Avoid cross-border investment pitfalls | Canadian Real Estate Wealth

Canadians investing in U.S. real estate might have the right idea, but they’re prone to errors, says a Florida-based expert.

Lauren Cohen, international legal and real estate expert of E-Council Global, noted that many of her company’s deals fell apart at the beginning of the pandemic as few knew how deleterious and disruptive COVID-19 would be, but the pendulum swung the other way during American Thanksgiving. Since then, Canadians have been enthusiastic about investing in real estate south of the border—although their overtures are often mistake-laden.

“What they usually get wrong begins with professional guidance, like getting an LLC without the help of a cross-border expert, and the consequence is often that they pay a price later, like being penalized with double taxation,” Cohen said. “The second thing is people invest in the United States without regard for how that will impact them in Canada—if you invest in the U.S. and take money to Canada, there’s potential double taxation, so you have to make sure your structure is set up properly. People try to cut corners but it never works because they’re looking for the cheapest options, and if it seems too good to be true, it is too good to be true. If you do that, you create a path that’s fraught with obstacles.”

Establishing cogent short- and long-term strategies, Cohen says, paves a path that enables investors to run their U.S.-based real estate investment as a business, but that usually requires securing various visas or green cards. If the Canadian investor’s relationship to the United States will be “casual,” a different structure is required, especially if the investor intends on moving to the country at any point.

“The No. 1 problem is lack of strategy; they do things haphazardly,” Cohen said. “There’s no one-size-fits-all. For example, do you have children, are they in school, and what are your ultimate plans—do you want to go back and forth? Some clients want to come here to the U.S. and never go back, in which case they should look for an Adjustment of Status Visa. They would do that internally in the U.S. but when they leave, they lose that designation because it’s not intended for somebody who goes back and forth across the border.”

Cohen added that most clients want flexibility now because of the pandemic and unpredictable lockdown measures that differ from city to city, even country to country. That isn’t the only factor they fail to consider, though.

“You need a social security number in the U.S. to build credit because that helps you get financing,” Cohen said. “People don’t realize they can run out of money, so they need to figure out how to get financing, which could even be pooling other people’s money as investment funds.”

South Florida is a hot real estate market and Canadians comprise a notable share of purchasers, but as many are finding out the hard way, approaching American real estate is vastly different than it is in Canada. Setting up the correct legal structure is the first thing to do, Cohen advises, followed by crunching the numbers and ensuring the investment is neither undercapitalized nor over-invested with personal funds.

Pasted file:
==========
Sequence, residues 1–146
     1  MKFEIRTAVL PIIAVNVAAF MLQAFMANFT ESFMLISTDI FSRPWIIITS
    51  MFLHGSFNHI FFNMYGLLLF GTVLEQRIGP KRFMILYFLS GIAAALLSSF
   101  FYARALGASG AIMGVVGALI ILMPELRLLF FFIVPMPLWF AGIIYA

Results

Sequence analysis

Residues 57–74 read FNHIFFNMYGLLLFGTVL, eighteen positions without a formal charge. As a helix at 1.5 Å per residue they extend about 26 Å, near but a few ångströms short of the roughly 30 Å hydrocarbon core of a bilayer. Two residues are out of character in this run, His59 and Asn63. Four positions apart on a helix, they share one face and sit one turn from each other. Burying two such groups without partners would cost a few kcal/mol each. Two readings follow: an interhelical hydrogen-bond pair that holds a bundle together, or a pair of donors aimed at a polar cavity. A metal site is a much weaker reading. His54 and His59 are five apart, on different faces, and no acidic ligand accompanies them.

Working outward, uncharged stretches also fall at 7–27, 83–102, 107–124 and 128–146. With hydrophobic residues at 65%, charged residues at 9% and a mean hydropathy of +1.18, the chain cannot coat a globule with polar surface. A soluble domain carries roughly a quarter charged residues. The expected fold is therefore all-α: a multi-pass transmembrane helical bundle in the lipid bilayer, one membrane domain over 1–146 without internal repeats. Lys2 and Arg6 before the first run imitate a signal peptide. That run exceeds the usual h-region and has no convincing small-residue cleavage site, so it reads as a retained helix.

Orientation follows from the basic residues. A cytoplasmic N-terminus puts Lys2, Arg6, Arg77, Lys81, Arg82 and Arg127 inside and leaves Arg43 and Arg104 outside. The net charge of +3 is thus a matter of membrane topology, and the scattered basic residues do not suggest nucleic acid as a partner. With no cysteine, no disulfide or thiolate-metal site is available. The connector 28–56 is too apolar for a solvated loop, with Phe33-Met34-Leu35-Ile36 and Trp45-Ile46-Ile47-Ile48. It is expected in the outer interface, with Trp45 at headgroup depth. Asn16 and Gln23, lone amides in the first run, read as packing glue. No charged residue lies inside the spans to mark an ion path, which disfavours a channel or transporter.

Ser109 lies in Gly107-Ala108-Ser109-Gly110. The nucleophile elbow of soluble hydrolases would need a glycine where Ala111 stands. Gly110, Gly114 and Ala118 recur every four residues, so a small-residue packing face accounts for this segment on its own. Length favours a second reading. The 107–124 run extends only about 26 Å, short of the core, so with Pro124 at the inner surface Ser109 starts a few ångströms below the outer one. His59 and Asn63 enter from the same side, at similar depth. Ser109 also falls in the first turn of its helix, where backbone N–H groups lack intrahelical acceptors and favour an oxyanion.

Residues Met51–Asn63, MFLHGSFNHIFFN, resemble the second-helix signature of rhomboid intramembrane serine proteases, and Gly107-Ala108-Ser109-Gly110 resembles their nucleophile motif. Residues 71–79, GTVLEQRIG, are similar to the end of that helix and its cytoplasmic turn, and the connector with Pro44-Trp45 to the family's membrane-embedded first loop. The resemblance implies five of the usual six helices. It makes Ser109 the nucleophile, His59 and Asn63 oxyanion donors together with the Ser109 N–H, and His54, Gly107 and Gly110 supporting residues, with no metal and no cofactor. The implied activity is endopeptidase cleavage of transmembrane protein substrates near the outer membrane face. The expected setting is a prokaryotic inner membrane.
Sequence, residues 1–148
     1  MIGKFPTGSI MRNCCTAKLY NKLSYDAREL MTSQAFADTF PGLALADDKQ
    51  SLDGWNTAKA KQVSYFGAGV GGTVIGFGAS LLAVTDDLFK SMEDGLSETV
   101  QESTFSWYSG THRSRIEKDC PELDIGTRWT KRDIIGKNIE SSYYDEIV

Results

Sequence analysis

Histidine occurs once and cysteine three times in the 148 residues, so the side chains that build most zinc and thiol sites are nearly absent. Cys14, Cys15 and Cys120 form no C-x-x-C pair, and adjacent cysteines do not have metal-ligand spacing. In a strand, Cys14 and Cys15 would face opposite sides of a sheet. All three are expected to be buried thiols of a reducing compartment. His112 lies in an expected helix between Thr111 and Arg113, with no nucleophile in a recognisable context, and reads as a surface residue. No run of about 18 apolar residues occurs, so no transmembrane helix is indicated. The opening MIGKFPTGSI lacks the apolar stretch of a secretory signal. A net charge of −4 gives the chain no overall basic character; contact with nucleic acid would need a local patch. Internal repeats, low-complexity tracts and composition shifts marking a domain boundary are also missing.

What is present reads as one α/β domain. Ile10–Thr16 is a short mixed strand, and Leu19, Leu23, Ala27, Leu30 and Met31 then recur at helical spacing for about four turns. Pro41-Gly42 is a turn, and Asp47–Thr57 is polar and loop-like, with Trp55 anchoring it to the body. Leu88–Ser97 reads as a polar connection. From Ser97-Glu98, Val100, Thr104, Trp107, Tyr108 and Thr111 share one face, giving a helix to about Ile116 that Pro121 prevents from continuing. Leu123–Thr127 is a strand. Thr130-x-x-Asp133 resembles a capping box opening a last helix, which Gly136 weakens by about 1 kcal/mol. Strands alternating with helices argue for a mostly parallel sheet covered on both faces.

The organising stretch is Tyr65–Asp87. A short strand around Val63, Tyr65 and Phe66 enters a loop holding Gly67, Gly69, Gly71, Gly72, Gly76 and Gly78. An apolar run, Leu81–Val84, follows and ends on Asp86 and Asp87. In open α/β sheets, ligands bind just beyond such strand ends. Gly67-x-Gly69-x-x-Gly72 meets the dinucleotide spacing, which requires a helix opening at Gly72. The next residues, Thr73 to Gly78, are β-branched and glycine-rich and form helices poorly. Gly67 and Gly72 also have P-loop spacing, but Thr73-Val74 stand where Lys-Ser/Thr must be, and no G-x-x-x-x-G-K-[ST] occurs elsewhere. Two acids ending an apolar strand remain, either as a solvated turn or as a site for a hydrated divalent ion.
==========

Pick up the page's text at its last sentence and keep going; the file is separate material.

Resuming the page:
“Get your financing in place before you make an offer,” she said. “Cross-border investing is much more accessible and now is the perfect time. But remember that having a visa in your pocket is like an insurance policy; it doesn’t mean you have to move or be in a certain place at a certain time, but it gives you the option to go back and forth and to have the opportunity to run a business or real estate investment across borders. It also allows you to look for new opportunities.”



2021-09-30 19:12:24

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Canada’s housing sector is highly vulnerable: CMHC

Canada’s housing market entered a high degree of vulnerability in the second quarter, says the Canada Mortgage and Housing Corporation.

Previously facing only a moderate degree of vulnerability, Toronto, Ottawa and Montreal are the country’s most risky markets because of rapid price acceleration and overvaluation. Moreover, there have been persistent imbalances in a few markets in Ontario and Eastern Canada.

“Exceptionally strong demand and home price appreciation through the course of the pandemic may have contributed to increased expectations of continued price growth for homebuyers in several local housing markets across Ontario and Eastern Canada,” Bob Dugan, CMHC’s chief economist, said. “This, in turn, may have caused more buyers to enter the market than was warranted.”

The federal agency noted that historically low-interest rates, financial support provided to Canadians due to the pandemic, more disposable income and elevated employment during the first half of the year strengthened housing market fundamentals. Additionally, mass vaccination programs have also played a role in increasing purchasing power, but CMHC doesn’t believe those are the only reasons for stronger fundamentals.

Canada had historically high home sales in Q1-2021 thanks to demand outpacing available supply, and while transactions slightly moderated in the second quarter, the market remains overheated at the national level, CMHC says, largely because of insufficient inventory.

In the Greater Toronto Area, home sales decelerated in Q2 but there still wasn’t enough supply to meet demand, which resulted in persistent price acceleration.